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Review of Minifarthing

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chriso1
660 reviews
3,069 helpful votes
5/21/10

I fall off bikes. And when I don't fall off, I get knocked off by large vehicles under the control of people talking on their cell phones. Such is the history of my attempt to balance on less than four wheels, to date, so I have mixed feelings about the idea of creating an entirely new class of two-wheeled transport for the modern age. The bike, after all, has been with us for more than a century and although I fall off them, the bicycle concept is well established as the most popular method of personal transport after the car. And in both motorized and pedalled forms, two wheeled transport in which both wheels are of equal size and the handlebars are at the front is the basis for many sports.

Enter the minifarthing, named for its similarity to the penny-farthing of old (a farthing being one quarter of a penny, or half a ha'penny). Except the handlebars are on the back, and you don't need a ladder to get on one.

The minifarthing is a concept, or class of vehicle, not the vehicle itself. More on that, in a moment. Apparently it is not, in legal terms, a bicycle or any other current mode of transport, making it legal not only where bikes currently can't go, but potentially where bikes aren't allowed to go, also. And having got to where the rider is going, part of the concept is that he or she is then able to fold up the vehicle, pop it into a shoulder bag and walk away.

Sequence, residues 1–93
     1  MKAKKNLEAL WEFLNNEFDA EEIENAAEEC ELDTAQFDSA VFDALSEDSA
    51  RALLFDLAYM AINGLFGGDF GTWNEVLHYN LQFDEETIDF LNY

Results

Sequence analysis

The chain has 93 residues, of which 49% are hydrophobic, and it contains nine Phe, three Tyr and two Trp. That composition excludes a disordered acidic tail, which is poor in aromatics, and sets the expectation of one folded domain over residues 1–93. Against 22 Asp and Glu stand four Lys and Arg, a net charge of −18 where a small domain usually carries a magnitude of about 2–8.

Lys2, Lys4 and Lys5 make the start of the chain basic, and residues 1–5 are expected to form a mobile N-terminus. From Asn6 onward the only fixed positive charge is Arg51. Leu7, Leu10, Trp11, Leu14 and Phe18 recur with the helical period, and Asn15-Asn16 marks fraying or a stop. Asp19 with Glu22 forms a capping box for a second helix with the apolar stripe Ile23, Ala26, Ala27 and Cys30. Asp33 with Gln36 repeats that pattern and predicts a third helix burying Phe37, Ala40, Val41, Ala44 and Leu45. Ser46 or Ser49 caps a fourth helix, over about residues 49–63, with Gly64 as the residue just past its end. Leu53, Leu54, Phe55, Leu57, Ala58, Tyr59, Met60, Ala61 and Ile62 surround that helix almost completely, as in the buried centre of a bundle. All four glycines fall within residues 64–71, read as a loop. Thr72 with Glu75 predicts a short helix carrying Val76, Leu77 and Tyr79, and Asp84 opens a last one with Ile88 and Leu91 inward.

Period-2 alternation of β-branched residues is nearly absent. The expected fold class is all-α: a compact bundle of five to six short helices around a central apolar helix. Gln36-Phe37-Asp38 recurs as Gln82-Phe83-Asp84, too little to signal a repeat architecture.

The invention has initially been licensed to a new company, run by the inventor, called YikeBike (http://www.yikebike.com). The YikeBike is a high-end vehicle that will set you back more than two thousand pounds or the equivalent in Euros, and is, without much doubt, very cool indeed. So much so that it made Time Magazine's top 50 inventions of the year.

But it's the concept that will be licensed to other companies to develop and modify into their own vehicles, and then, if the idea catches on - a big, big "if" - we should eventually see both low- and medium- priced examples in the market.

That market at present excludes the USA, but could change any time that an American company comes forward to license the concept here. In motorized form, perhaps we'll be seeing Harleys looking like this one day. Oh, stop laughing. You never know.

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